Class Notes (838,009)
Canada (510,616)
English (373)
ENGL 100A (25)
Lecture

A Midsummer Night's Dream - Themes, Motifs, and Symbols.docx

3 Pages
136 Views
Unlock Document

Department
English
Course
ENGL 100A
Professor
Diana Parry
Semester
Fall

Description
Themes, Symbols, & Motifs Themes Love’s Difficulty “The course of true love never did run smooth,” comments Lysander, articulating one of A Midsummer Night’s Dream’s most important themes—that of the difficulty of love (I.i.134). Though most of the conflict in the play stems from the troubles of romance, and though the play involves a number of romantic elements, it is not truly a love story; it distances the audience from the emotions of the characters in order to poke fun at the torments and afflictions that those in love suffer. The tone of the play is so lighthearted that the audience never doubts that things will end happily, and it is therefore free to enjoy the comedy without being caught up in the tension of an uncertain outcome. The theme of love’s difficulty is often explored through the motif of love out of balance—that is, romantic situations in which a disparity or inequality interferes with the harmony of a relationship. The prime instance of this imbalance is the asymmetrical love among the four young Athenians: Hermia loves Lysander, Lysander loves Hermia, Helena loves Demetrius, and Demetrius loves Hermia instead of Helena—a simple numeric imbalance in which two men love the same woman, leaving one woman with too many suitors and one with too few. The play has strong potential for a traditional outcome, and the plot is in many ways based on a quest for internal balance; that is, when the lovers’ tangle resolves itself into symmetrical pairings, the traditional happy ending will have been achieved. Somewhat similarly, in the relationship between Titania and Oberon, an imbalance arises out of the fact that Oberon’s coveting of Titania’s Indian boy outweighs his love for her. Later, Titania’s passion for the ass-headed Bottom represents an imbalance of appearance and nature: Titania is beautiful and graceful, while Bottom is clumsy and grotesque. Magic The fairies’ magic, which brings about many of the most bizarre and hilarious situations in the play, is another element central to the fantastic atmosphere of A Midsummer Night’s Dream. Shakespeare uses magic both to embody the almost supernatural power of love (symbolized by the love potion) and to create a surreal world. Although the misuse of magic causes chaos, as when Puck mistakenly applies the love potion to Lysander’s eyelids, magic ultimately resolves the play’s tensions by restoring love to balance among the quartet of Athenian youths. Additionally, the ease with which Puck uses magic to his own ends, as when he reshapes Bottom’s head into that of an ass and recreates the voices of Lysander and Demetrius, stands in contrast to the laboriousness and gracelessness of the craftsmen’s attempt to stage their play. Dreams As the title suggests, dreams are an important theme in A Midsummer Night’s Dream; they are linked to the bizarre, magical mishaps in the forest. Hippolyta’s first words in the play evidence the prevalence of dreams (“Four days will quickly steep themselves in night, / Four nights will quickly dream away the time”), and various characters mention dreams throughout (I.i.7–8). The theme of dreaming recurs predominantly when characters attempt to explain bizarre events in which these characters are involved: “I have had a dream, past the wit of man to say what / dream it was. Man is but an ass if he go about t’expound this dream,” Bottom says, unable to fathom the magical happenings that have affected him as anything but the result of slumber. Shakespeare is also interested in the actual workings of dreams, in how events occur without explanation, time loses its normal sense of flow, and the impossible occurs as a matter of course; he seeks to recreate this environment in the play through the intervention of the fairies in the magical forest. At the end of the play, Puck extends the idea of dreams to the audience members themselves, saying that, if they have been offended by the play, they should remember it as nothi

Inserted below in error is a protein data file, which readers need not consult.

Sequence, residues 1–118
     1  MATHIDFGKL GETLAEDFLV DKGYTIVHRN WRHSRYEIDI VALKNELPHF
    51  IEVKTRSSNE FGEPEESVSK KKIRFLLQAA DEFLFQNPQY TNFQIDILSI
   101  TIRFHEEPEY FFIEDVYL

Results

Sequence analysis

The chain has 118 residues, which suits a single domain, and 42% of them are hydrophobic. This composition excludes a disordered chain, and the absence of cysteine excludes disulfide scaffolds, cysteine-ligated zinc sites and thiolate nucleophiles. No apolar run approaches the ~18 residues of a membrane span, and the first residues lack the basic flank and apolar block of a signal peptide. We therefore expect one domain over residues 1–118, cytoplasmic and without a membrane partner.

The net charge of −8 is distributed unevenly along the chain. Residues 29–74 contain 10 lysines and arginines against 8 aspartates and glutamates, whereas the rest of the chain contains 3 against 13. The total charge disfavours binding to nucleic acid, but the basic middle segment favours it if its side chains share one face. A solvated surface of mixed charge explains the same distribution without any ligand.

More Less

Related notes for ENGL 100A

Log In


OR

Join OneClass

Access over 10 million pages of study
documents for 1.3 million courses.

Sign up

Join to view


OR

By registering, I agree to the Terms and Privacy Policies
Already have an account?
Just a few more details

So we can recommend you notes for your school.

Reset Password

Please enter below the email address you registered with and we will send you a link to reset your password.

Add your courses

Get notes from the top students in your class.


Submit